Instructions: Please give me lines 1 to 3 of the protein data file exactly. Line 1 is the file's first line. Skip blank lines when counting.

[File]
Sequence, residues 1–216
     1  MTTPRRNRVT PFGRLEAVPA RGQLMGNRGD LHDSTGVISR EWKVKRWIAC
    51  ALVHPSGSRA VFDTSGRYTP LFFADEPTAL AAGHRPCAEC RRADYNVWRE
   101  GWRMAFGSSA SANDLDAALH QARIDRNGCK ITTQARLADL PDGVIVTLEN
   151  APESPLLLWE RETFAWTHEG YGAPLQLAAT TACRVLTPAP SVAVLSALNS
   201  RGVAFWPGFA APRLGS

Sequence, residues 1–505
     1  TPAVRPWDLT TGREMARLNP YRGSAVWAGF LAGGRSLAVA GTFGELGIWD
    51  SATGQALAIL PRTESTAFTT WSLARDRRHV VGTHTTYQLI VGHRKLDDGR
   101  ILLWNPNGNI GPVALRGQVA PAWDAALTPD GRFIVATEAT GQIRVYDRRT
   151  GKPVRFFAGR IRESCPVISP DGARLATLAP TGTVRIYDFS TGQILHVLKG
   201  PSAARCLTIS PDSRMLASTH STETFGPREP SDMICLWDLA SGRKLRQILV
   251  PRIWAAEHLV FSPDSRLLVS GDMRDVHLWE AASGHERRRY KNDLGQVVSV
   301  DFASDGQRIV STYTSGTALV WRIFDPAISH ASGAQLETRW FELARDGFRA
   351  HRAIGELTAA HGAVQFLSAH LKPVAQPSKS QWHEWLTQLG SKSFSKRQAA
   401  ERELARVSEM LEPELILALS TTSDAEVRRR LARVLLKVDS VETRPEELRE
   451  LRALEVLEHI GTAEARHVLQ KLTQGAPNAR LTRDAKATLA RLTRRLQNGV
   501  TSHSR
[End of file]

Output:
Sequence, residues 1–216
     1  MTTPRRNRVT PFGRLEAVPA RGQLMGNRGD LHDSTGVISR EWKVKRWIAC
    51  ALVHPSGSRA VFDTSGRYTP LFFADEPTAL AAGHRPCAEC RRADYNVWRE